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Timesizing News, April 11-30, 2003
[Commentary] ©2003 Phil Hyde, Timesizing.com, Box 622, Porter Sq, Cambridge MA 02140 USA 617-623-8080

4/30/2003  timesizing in the news, aka glimmers of strategic hope -

  1. Lufthansa gains trimmed after cutting working hours, by Steve Goldstein, CBS MarketWatch 12:55pm 04/29/03 via AOLNews.
    German airliner Deutsche Lufthansa saw its gains clipped to 0.9% after cutting working hours, and corresponding pay, to 35 hours a week, as a measure to combat its difficulties stemming from the economic climate.
    [Classic, intelligent and effective timesizing, not downsizing.]
    Lufthansa had said previously that it was considering the measure. In addition, capacity will be reduced by another 15 aircraft in continental traffic. Lufthansa said passenger business revenue to decline by around 20% in April 2003 compared to the same month last year, triggering the cuts. "The limit [to decline] agreed on in the arbitration process for the initiation of the second stage of the reduction in working hours has been signficantly exceeded," the company said, with a statement attributed to CEO Jurgen Weber saying that further measures were needed.
    [Additional articles, from shorter to longer, several explaining the reference to "the second stage of the reduction in working hours" -]
    Germany's Lufthansa idles 15 planes, AP 04/29/03 13:39 EDT via AOLNews.
    FRANKFURT...- Germany's Lufthansa said Tuesday it is idling 15 planes on intercontinental routes and cutting working hours for ground staff in an effort to cope with the impact of the SARS virus, the war in Iraq and a slow economy. The decision was "the direct consequence of undiminshed difficult economic burdens," the airline said in a statement. "Aside from the continuing slow economy and the effect of the Iraq war, the great insecurity among passengers to Asia due to SARS is responsible for the increased fall in passenger demand."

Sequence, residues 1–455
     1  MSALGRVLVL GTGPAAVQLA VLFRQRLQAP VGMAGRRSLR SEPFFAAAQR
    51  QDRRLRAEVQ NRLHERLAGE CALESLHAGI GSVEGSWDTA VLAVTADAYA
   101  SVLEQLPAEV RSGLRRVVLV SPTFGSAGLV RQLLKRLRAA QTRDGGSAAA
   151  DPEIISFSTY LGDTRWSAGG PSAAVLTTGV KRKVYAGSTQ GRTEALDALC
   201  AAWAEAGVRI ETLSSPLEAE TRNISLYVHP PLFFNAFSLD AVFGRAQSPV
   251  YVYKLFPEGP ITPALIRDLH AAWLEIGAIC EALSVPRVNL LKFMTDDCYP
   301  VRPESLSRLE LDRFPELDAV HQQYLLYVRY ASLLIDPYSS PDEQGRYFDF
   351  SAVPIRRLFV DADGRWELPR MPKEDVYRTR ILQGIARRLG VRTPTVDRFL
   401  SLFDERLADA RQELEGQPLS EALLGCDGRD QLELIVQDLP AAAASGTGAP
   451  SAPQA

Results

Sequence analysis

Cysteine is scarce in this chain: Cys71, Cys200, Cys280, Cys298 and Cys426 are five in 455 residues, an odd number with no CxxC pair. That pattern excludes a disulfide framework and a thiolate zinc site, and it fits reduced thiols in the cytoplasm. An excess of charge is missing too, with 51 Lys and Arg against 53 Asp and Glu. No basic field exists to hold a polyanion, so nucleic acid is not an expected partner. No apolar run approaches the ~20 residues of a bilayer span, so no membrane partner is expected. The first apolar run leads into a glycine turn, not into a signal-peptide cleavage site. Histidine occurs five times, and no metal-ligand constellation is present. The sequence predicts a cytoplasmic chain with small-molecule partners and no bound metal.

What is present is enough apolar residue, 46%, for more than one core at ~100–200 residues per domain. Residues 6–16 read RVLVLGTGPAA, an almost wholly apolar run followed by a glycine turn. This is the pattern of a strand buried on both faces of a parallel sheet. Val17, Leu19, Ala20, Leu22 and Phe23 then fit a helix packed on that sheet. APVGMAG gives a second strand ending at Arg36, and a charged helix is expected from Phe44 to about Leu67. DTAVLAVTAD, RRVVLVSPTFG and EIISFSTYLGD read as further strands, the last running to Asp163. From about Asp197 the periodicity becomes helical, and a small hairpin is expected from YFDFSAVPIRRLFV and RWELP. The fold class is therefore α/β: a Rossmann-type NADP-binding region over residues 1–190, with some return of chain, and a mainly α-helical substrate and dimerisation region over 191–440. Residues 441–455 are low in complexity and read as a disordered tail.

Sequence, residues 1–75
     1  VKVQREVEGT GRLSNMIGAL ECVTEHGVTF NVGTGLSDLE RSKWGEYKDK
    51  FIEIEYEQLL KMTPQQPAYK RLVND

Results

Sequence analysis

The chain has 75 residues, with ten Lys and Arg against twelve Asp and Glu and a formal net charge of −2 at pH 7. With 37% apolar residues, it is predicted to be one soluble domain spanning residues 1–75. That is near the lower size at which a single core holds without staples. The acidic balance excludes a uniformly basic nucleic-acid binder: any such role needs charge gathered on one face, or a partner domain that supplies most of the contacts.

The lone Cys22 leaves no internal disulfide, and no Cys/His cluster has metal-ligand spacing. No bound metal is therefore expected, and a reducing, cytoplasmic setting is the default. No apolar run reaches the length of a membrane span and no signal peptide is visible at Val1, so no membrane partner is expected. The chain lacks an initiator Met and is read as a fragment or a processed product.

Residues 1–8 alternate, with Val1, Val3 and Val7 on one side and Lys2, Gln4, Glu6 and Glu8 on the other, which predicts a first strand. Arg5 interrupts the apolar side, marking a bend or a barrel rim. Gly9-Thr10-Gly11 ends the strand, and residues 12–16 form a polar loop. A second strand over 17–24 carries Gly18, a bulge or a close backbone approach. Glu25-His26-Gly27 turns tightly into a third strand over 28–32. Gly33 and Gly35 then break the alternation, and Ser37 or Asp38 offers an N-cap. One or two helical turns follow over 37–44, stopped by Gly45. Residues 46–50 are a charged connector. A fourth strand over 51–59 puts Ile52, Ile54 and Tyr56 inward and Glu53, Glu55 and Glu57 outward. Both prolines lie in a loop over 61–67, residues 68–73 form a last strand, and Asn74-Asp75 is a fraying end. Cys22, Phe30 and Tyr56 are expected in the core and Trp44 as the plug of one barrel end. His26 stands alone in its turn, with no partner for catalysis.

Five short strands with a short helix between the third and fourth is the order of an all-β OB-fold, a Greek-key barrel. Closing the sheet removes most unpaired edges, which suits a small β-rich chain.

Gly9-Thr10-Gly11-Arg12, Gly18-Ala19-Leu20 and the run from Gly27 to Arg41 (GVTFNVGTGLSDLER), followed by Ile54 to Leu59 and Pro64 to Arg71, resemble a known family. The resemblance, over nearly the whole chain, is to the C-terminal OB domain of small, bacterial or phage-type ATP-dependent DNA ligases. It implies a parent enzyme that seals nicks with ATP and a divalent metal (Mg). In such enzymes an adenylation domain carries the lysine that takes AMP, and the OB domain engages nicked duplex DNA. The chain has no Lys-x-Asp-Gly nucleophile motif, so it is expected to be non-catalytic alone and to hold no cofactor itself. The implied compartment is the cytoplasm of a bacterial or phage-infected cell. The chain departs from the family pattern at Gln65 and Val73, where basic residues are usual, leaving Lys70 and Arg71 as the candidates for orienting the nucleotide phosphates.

Lufthansa said demand had slumped by up to 85% on some Asian routes due to SARS, and said it had cut the number of flights to Hong Kong from 13 per week to three. The airline, which anticipated a 20% year-on-year fall in passsenger revenue for April, said it was using smaller airplanes on many international flights.
    Hours for ground personnel, which already were cut by 1½ hours per week to 36 hours earlier this month, will be cut to 35 hours with a corresponding pay reduction by mid-May.
    [Hourscuts with corresponding paycuts are reality for companies in trouble.]
    The forecast revenue drop triggered provisions in Lufthansa's collective bargaining agreement with labor unions that are aimed at cutting costs without laying off workers.
    [Clips from longer articles -]
    Lufthansa grounds 15 planes, slashes Asian flights, Reuters 04/29/03 12:42 ET via AOLNews.
    FRANKFURT...- Lufthansa said on Tuesday it was grounding 15 more planes as the deadly SARS virius pounded demand to Asia and the recent war in Iraq and a weak economy exacerbated the worst crisis the industry has seen.... Europe's 3rd largest airline by passengers said demand on Asian routes had collapsed by as much as 85% due to the deadly SARS virus. The airline said it was trimming its flights to Hong Kong to 3 per week from 13.
    CEO Juergen Weber said in a statement that even more measures were needed to cut costs as Lufthansa and other airlines battle the 3 factors of war, deadly disease and the economy, which are all knocking the industry. "Even these measures are not enough," Weber said in a statement.... Lufthansa has now grounded 70 planes along with its regional partners.
    Ground staff will work 35 hour weeks with an according cut in pay, the company said....
    [And much longer, but much more stringently excerpted -]
    Germany's travel industry feels SARS pain, by Jeff Mason, Reuters 04/29/03 13:56 ET via AOLNews.
    ...Lufthansa, which had already introduced short-time working for thousands of cabin crew [so est. 2,000 jobs saved] and ground staff, said it was cutting the working week for Germany-based ground staff to 35 hours, with a corresponding reduction in pay....
    [But not all of Lufthansa's involvements are as careful to maintain morale by cutting hours to avoid cutting jobs -]
    Europe's 2nd largest travel firm Thomas Cook, jointly owned by Lufthansa and retailer Karstadt Quelle, said on Tuesday it was doubling planned job cuts for 2003 to 1,200. A spokeswoman for the tourism giant said the end of the Iraq war had brought only a slight improvement in forward bookings.